Beware of Limbo Dancers A Correspondent's Adventures with the New York Times

by Roy Reed

Beware of Limbo Dancers A Correspondent's Adventures with the New York Times Synopsis

This witty, wide-ranging memoir from Roy Reed-a native Arkansan who became a reporter for the New York Times-begins with tales of the writer's formative years growing up in Arkansas and the start of his career at the legendary Arkansas Gazette. Reed joined the New York Times in 1965 and was quickly thrust into the chaos of the Selma, Alabama, protest movement and the historical interracial march to Montgomery. His story then moves from days of racial violence to the political combat of Washington. Reed covered the Johnson White House and the early days of the Nixon administration as it wrestled with the competing demands of black voters and southern resistance to a new world. The memoir concludes with engaging postings from New Orleans and London and other travels of a reporter always on the lookout for new people, old ways, good company, and fresh outrages.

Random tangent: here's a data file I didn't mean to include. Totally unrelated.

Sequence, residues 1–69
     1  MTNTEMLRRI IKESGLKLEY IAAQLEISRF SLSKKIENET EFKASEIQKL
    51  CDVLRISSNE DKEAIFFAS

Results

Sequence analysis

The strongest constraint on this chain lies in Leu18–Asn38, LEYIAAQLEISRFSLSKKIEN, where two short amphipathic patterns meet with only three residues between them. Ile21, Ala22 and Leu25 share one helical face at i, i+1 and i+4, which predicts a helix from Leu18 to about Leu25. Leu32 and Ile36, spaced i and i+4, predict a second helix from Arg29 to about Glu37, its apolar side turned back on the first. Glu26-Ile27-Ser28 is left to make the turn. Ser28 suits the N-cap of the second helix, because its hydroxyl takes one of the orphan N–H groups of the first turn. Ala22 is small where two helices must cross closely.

Beware of Limbo Dancers A Correspondent's Adventures with the New York Times Press Reviews